Ralph J. Cicerone
November 8, 2016
Cicerone focused research community on environmental challenges
The National Science Foundation (NSF) mourns the sudden death of Ralph. J. Cicerone, president emeritus of the National Academy of Sciences (NAS). He was 73.
“The NSF community is deeply saddened by the loss of a brilliant atmospheric scientist and dedicated advocate for the environment,” NSF Director France Córdova said. “Ralph Cicerone was a change agent whose kindness and generosity in helping NSF will never be forgotten. Through his distinguished career, he remained determined to provide scientific advice and leadership to the halls of government.”
Cicerone was the 21st president of NAS, a position he held for more than 11 years. Before his career with NAS, he served as chancellor of the University of California, Irvine. His scientific contributions included pioneering research that showed the impact of man-made changes on Earth’s atmosphere.
“Ralph brought scientists together to address environmental challenges and worked tirelessly to share the science behind global change with decision makers and members of the public,” said Maria Zuber, chair of the National Science Board. “He worked to spur new discoveries and encourage policies to benefit people and our planet.”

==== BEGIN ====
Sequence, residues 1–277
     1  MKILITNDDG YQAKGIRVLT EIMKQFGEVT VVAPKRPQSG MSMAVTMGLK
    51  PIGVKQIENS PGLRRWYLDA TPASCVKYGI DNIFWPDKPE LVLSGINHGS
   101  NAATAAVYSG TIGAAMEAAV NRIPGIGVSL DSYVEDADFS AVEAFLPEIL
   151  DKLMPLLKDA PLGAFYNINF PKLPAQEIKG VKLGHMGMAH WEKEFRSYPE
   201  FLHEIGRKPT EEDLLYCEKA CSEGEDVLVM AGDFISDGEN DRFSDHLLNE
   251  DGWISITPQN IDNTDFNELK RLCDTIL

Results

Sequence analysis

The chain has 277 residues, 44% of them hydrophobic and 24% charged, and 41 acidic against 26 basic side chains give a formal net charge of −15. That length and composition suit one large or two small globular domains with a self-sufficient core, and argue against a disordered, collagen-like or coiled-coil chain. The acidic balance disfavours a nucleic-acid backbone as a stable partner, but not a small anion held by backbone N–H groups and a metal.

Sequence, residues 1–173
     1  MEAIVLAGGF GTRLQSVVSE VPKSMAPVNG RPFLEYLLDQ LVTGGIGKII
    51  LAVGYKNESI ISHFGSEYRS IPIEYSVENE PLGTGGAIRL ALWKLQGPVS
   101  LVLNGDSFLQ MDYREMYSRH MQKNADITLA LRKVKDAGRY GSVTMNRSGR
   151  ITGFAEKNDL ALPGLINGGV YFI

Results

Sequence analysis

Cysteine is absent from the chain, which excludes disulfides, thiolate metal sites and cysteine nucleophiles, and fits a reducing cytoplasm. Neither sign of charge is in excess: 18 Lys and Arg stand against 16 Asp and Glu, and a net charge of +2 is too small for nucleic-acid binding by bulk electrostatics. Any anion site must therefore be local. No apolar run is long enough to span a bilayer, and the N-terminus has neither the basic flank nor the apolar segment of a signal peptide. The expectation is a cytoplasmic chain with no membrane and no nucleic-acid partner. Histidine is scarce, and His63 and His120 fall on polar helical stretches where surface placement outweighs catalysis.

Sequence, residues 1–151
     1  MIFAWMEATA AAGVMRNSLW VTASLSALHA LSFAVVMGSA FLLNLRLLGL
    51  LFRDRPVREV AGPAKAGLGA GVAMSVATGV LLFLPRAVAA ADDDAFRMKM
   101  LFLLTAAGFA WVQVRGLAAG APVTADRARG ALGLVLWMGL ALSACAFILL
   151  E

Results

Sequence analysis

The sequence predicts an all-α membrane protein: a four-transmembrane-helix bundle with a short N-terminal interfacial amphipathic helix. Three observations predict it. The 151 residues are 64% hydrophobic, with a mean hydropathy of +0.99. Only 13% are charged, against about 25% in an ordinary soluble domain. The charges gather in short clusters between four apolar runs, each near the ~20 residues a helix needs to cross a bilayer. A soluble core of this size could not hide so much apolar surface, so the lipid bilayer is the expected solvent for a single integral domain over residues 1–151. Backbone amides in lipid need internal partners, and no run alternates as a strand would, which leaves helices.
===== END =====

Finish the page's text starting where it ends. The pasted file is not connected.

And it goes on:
The National Science Foundation (NSF) is an independent federal agency that supports fundamental research and education across all fields of science and engineering. In fiscal year (FY) 2016, its budget is $7.5 billion. NSF funds reach all 50 states through grants to nearly 2,000 colleges, universities and other institutions. Each year, NSF receives more than 48,000 competitive proposals for funding and makes about 12,000 new funding awards. NSF also awards about $626 million in professional and service contracts yearly.
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